Over the past few weeks I have been listening to a lot of podcasts from William Willimon, who is currently the Bishop of the North Alabama Conference of the United Methodist Church. I didn’t know much about Willimon much before this recent spate of listening, except that he was dean of the Chapel and professor at Duke University. And that he’s written books with Stanley Hauerwas (a good thing in my opinion).
He comes across as a down-to-earth guy who has a deep understanding of theology and church history. He’s just the kind of guy that I think we need leading churches today.
There is something in his leadership that just doesn’t sit right with me, though. It makes me quite uncomfortable, actually. Willimon puts quite an emphasis on growth in congregations. No, not metaphysical, intrinsic, personal, spiritual growth. I’m talking about numbers, attendance, giving, things-you-can-count growth. He recently published a blog post entitled, “Anything worth doing for God is worth counting.” In that post he explains that since becoming bishop he has instituted the use of the Conference Dashboard, which is a way for congregations to log in every week and report their numbers. He describes it this way:
Every church logs in on Monday morning and reports their numbers for that Sunday’s attendance, baptisms, professions of faith, offering, and participation in mission. Anyone can see the numbers for any church in our Conference over the past three years.
As you might expect, he has received a lot of push-back from congregations about his use of these metrics. People are skeptical about making Christian faith “all about the numbers” and “just putting butts in the pews” (I think I would probably be among them). He responds out of his own theological heritage:
There may be something to be said for some of these slogans. Except not in the United Methodist Church. We’re Wesleyans. That means we believe in the growth of the Kingdom of God. John Wesley had friction with the established church of his day, not only because of his vibrant Trinitarian theology, but also because of his refusal to limit his ministry to the moribund English parochial system. From the beginning, Methodists were inveterate counters and numbers keepers.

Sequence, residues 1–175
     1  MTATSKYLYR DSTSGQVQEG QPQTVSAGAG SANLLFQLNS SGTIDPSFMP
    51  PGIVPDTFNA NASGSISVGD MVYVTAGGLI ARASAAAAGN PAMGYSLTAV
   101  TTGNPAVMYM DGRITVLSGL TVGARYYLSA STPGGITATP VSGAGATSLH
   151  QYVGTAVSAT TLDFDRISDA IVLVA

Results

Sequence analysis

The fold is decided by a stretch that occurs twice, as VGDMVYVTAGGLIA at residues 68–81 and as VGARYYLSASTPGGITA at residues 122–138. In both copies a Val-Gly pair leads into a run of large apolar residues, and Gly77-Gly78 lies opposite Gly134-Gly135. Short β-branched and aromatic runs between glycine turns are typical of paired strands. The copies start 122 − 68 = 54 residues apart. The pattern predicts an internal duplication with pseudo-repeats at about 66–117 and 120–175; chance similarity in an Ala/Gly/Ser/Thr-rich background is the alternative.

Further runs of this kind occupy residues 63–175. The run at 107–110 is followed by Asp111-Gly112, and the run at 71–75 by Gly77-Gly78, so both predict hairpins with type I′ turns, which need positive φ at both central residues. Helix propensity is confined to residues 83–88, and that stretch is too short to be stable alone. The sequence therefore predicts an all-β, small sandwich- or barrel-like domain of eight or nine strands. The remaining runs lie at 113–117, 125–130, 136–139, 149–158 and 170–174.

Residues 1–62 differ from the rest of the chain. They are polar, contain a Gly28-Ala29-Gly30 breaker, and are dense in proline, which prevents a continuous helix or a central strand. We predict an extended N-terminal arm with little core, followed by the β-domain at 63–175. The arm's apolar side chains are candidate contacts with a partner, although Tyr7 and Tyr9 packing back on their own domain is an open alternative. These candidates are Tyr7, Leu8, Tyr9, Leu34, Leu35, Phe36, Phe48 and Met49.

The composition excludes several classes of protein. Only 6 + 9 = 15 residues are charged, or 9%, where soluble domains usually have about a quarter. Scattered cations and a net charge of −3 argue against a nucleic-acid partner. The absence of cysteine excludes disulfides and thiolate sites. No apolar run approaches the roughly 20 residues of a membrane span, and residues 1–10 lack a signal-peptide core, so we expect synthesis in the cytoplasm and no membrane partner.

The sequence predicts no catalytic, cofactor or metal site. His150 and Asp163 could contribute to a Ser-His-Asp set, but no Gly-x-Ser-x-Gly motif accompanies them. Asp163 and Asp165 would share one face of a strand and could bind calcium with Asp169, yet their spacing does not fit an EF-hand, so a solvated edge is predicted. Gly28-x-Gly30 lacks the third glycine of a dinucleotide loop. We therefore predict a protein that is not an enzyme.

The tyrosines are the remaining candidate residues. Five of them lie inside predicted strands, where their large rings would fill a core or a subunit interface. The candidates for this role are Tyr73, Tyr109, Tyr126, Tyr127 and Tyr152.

I have personally been averse to counting, mainly because I have seen it abused so many times. There are ways to grow a congregation or a youth group that have nothing to do with the gospel. You can bribe people into doing anything. (i.e. Come to youth group and get a free iPod!)
My stance has always been that growth is tangential: it is a result of healthy congregations, but you can never hit it if you aim for it. Growth happens as a result of proclaiming and living the gospel, not as a result of targeted marketing and growth strategies. We see that in Acts: in quite a few places the Bible tells us how many people were added to their number.
Have we swung the pendulum too far away from counting? Should we start counting again? Is there a better way to count? Should growth be the thing we are aiming for or is it only a second-order sign of health and maturity?
Or is “grow” a four letter word in ministry?